With an AFID grant from the Commonwealth and a match from Fairfax County, Beanstalk will expand its innovative vertical farm company.  Governor Northam and Fairfax County announced today that the agtech company, Beanstalk, is receiving a $100,000 grant from the Governor’s Agriculture and Forestry Industries Development Fund, and Fairfax County will contribute $100,000 as a local match to expand its innovative vertical farming company. Beanstalk will invest over $2 million and create 29 new jobs as it moves its headquarters to a former data center in Herndon. “I am pleased to support a project that brings together Virginia’s oldest and largest industry, agriculture, with one of our newest and fastest growing sectors, technology,” said Governor Northam.  “Innovative entrepreneurs like Mike and Jack Ross are demonstrating how STEM fields can bring together exciting, new growing techniques cultivated from advancements in biology and technology.   Beanstalk uses proprietary hydroponic technology and heirloom seeds to produce leafy greens, herbs and vegetables, which it currently sells to Harris Teeter and also sells via a storefront in its current location. In addition to growing crops in the new location, the new facility will house a larger storefront; a retail presence; space for research and development; and will offer spectators tours and a glimpse of the growing process through a large picture window into the farm. Their headquarters will also breathe new life into an empty space in the heart of Herndon. Beanstalk is also a member of the Made in Fairfax network, which connects local small production manufacturers to networking groups, marketing opportunities and potential customers. “We are always looking for innovative investments to move our economy forward in Fairfax County. Beanstalk’s new facility will not only bring new jobs to the community, but it also is a creative solution to using advancements in technology to increase access to fresh food options,” said Fairfax County Board Chairman Jeffrey C. McKay. For Fairfax County, investing in technology companies like Beanstalk reinforces the role of technology to  address community needs, in this case the need for healthy foods. By making strategic  investments in emerging industries the county can find and test solutions that can make a difference in the lives of county residents.  This also parallels the county’s commitment to sustainability. As a local company Beanstalk supports the regional food chain with eco-friendly produce.  The firm produces its goods using 95% less water, 99% less food miles and lower CO2 emissions, when compared to processed foods. Finally, the county seeks to cultivate more agtech businesses as part of its strategic plan to grow and diversify the economy. Agriculture is a major employer and economic driver. The industry is responsible for 6,021 jobs in Fairfax County, and it produces $780 million in economic impact, according to a University of Virginia study.  And Fairfax County is a leader in tech, with 8,900 technology-focused enterprises and growing. Agtech is the intersection of these two industries and a strategically poised to expand.   “We are thrilled to support the expansion of Beanstalk, an innovative technology company committed to very high standards of sustainability. Beanstalk’s expansion is an example of how ground-breaking companies are recognizing our very talented work force and the potential opportunities for productive collaboration,” noted Dranesville District Supervisor John W. Foust. Beanstalk’s founders are brothers Mike and Jack Ross who co-founded the company from their apartments in Charlottesville in 2017. Jack, a computer engineer from University of Virginia, and Mike, an Aerospace Engineer from Georgia Tech, used their engineering knowledge and skills to invent hardware, software, and robotic technology that to grow pesticide-free heirloom produce year-round.  While the brothers lived in Charlottesville, the local restauranters’ emphasis on produce and healthy food changed their diets and brought to light the need for better produce. So, they set about building technology that would create farms that were sustainable, produced nutritious food, and made better use of water and land. In addition, as crops are grown closer to the consumer, Beanstalk allows for a shorter distribution chain which preserves the nutrients in food sold. After winning an entrepreneur competition at UVA, they went on to participate in Y Combinator in Silicon Valley, the accelerator behind companies like Airbnb and Stripe, before returning to their mid-Atlantic roots to expand Beanstalk.  “The Town of Herndon is thrilled to welcome Jack and Mike Ross’ Beanstalk Farms to our community,” said Mayor Sheila Olem. “Theirs is exactly the kind of innovative, jobs-producing business we are looking to attract to our town’s commercial sector, and we applaud their application of technology toward provision of healthy, locally-grown produce.” The move to Herndon is expected to be completed in the fall. Beanstalk is equipping the space with the growing towers, processing rooms, environmental controls, harvesting machines, and packaging systems necessary for production. In the meantime, they expect to launch their first food truck, operated by Chef Daniel Penningroth, that will serve their produce in healthy salads to people all over Fairfax County.  As their business grows, they continue to keep engineering at the forefront and are building new robotics to grow more crops – which creates the question: Are they a technology company who grows food or farmers who creates technology? Regardless Jack and Mike Ross are setting a course for all of Fairfax to have healthy, nutritious food only a short walk away.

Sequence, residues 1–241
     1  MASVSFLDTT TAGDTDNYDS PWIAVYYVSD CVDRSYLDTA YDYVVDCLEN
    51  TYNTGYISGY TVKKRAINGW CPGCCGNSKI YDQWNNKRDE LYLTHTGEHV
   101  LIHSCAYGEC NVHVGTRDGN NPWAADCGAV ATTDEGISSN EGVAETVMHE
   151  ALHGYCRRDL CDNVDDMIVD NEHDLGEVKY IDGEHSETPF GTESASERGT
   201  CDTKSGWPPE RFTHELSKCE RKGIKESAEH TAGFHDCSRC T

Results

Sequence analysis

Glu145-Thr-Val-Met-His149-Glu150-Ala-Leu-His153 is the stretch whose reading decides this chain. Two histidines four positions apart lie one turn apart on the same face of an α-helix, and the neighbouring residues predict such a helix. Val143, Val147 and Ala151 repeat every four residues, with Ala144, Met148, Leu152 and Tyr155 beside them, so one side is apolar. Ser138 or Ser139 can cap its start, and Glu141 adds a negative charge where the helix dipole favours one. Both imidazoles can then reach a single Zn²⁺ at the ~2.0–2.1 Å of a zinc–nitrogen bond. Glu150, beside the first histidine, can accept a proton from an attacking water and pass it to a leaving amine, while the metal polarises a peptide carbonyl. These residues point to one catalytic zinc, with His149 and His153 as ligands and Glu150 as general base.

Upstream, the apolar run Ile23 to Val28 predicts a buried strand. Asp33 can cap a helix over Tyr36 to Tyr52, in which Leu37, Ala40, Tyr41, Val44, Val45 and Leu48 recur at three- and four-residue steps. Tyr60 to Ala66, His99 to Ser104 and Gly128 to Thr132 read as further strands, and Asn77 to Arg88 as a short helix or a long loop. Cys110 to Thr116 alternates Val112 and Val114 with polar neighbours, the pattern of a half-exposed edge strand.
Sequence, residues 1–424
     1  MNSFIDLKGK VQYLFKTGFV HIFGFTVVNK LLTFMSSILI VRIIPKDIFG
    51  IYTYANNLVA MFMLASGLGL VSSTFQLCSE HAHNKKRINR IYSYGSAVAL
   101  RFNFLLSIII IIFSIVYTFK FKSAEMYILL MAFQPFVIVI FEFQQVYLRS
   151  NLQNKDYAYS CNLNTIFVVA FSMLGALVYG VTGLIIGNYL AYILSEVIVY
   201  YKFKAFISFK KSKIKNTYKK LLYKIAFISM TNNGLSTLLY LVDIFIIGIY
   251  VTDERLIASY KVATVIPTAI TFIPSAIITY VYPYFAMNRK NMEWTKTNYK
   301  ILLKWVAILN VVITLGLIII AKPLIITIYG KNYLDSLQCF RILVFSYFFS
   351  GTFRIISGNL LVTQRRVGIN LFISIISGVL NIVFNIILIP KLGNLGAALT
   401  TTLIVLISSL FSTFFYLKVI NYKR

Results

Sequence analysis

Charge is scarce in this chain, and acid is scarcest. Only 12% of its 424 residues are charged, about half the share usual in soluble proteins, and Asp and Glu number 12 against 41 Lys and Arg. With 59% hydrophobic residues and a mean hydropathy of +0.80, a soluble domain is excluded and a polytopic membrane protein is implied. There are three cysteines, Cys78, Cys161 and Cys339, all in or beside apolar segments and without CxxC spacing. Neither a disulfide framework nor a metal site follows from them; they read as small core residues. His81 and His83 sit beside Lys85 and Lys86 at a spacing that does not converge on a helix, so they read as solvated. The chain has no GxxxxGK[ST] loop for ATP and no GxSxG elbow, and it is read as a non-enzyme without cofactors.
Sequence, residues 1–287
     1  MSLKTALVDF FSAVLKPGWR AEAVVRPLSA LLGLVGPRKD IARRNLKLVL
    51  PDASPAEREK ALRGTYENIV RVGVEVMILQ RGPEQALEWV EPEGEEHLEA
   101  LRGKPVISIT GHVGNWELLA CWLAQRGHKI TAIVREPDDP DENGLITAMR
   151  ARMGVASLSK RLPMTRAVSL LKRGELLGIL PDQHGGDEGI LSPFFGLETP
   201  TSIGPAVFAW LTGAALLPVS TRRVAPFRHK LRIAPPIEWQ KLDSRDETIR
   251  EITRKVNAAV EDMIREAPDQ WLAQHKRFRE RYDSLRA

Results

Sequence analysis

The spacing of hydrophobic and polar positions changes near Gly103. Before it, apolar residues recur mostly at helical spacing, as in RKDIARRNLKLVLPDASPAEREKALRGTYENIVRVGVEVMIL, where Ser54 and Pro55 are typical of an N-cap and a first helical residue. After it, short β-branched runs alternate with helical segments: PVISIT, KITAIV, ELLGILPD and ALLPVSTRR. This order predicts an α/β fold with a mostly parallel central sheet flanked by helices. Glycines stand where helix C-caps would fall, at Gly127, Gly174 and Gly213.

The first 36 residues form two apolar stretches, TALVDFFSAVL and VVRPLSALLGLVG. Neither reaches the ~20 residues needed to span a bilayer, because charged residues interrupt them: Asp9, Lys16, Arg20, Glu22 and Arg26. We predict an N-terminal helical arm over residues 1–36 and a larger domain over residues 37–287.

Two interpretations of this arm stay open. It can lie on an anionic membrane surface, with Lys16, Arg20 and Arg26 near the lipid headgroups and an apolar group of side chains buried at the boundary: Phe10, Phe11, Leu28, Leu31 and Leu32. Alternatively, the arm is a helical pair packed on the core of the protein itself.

11:00AM, Public Opportunity to Learn More about Indoor Ski Slope Proposed for I…



9:30AM, Public Meetings 10/26/2021 9:30 am   Event Description The Board of…